Johanna is a fantastic artist I just had to share with you guys. In 2001, she headed to Duncan of Jordanstone College of Art in Dundee, where she graduated 4 years later with a first class honours degree in Printed Textiles. Her clients since then have ranged from Johnson & Johnson, DKNY, H&M, to Absolut Vodka, Creative Review and Hallmark. We sit down and talk a bit about being featured in the latest issue of Computer Arts, anime films, social media, & more. Click below to read the full interview…
How was it being featured in Computer Arts’ Yakuza inspired Designer Challenge? Have you ever designed a tattoo before?
Johanna: I love Computer Arts Projects so was delighted to be featured in this Designer Challenge. I replied to a tweet they posted calling for artists to design a tattoo for their forth coming Japan inspired issue. I’ve designed a few tattoos for friends before, although I try to avoid taking on client commissions for them. Sadly, the time required to get a tattoo design just perfect is vast, so commercially it’s very hard to structure that into a working week and still have time to take on other jobs.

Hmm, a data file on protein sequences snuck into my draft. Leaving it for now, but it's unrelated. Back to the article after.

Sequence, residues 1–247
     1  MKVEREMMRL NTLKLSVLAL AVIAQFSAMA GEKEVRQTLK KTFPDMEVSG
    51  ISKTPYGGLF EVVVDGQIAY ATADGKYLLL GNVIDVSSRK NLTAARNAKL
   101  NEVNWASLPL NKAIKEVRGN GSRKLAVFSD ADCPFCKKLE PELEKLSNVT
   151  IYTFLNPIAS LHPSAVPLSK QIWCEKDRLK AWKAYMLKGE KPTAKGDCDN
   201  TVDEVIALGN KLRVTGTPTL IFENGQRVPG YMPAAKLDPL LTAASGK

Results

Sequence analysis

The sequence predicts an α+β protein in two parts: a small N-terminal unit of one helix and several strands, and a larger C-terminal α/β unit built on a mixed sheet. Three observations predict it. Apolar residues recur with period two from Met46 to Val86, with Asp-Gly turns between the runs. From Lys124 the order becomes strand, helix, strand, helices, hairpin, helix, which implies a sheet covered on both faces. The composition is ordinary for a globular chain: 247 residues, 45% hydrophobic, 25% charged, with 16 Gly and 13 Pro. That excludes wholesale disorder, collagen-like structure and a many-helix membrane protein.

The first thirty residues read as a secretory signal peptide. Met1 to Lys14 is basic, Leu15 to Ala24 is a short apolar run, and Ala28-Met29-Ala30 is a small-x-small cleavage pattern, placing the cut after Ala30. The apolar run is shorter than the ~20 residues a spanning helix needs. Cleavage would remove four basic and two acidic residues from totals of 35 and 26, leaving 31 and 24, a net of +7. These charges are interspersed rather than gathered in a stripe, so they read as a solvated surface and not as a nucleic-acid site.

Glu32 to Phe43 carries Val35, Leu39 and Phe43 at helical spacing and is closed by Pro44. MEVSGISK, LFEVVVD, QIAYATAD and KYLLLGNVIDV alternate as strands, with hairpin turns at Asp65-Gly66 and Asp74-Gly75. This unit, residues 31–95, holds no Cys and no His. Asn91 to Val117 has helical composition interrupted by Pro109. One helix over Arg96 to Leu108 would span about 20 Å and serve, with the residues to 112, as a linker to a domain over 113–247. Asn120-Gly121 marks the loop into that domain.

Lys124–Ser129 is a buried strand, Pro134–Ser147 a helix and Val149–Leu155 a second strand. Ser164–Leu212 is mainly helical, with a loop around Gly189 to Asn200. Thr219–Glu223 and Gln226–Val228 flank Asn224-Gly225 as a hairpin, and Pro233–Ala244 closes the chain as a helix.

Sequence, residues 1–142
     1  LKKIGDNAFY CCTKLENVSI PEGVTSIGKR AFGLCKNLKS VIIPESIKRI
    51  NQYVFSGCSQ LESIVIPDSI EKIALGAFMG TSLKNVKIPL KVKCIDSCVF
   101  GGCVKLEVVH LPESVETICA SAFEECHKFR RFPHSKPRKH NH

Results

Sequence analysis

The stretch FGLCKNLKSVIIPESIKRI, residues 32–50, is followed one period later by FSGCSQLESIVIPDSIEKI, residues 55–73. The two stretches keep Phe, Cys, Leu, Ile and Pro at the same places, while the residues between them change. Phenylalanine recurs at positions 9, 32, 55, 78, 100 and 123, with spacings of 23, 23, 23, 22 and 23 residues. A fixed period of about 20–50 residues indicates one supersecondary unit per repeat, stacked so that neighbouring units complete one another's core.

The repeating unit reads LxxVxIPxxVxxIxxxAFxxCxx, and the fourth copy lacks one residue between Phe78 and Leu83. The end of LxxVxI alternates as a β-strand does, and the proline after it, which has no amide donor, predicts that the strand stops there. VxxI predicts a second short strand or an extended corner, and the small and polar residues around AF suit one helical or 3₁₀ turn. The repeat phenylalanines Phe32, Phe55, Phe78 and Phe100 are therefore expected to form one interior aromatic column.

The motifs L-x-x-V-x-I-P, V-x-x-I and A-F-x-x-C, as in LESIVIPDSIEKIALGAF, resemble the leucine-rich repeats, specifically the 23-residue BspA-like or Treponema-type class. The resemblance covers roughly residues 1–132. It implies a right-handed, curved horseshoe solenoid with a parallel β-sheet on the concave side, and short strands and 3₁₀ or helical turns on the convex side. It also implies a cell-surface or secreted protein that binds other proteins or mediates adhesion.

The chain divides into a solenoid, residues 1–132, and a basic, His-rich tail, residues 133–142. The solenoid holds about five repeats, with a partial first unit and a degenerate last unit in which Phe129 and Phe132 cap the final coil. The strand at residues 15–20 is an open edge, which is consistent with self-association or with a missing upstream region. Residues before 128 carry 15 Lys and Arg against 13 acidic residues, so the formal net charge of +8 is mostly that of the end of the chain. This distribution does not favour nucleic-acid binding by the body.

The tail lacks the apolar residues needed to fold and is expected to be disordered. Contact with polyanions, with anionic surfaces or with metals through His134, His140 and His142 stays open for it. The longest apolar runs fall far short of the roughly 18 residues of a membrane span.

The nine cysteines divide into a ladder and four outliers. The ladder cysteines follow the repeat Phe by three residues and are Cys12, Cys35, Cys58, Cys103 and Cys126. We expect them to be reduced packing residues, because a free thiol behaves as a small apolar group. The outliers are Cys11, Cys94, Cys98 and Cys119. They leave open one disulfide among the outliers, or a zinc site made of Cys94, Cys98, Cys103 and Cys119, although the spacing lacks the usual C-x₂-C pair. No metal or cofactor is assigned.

Will this spark more eastern inspired art from you in the future?
Johanna: I think so. My mum is Chinese and although I’ve grown up in the UK, I’ve always had a special appreciation for Eastern artworks. I’m not sure if it’s the complexity of the detail or the amazing levels of craftsmanship, but for me oriental inspired work has always stood out.
How would you describe your art to someone who has never seen it before?
Johanna: Super detailed, hand drawn, pen and ink. Predominately – although not exclusively – in black and white.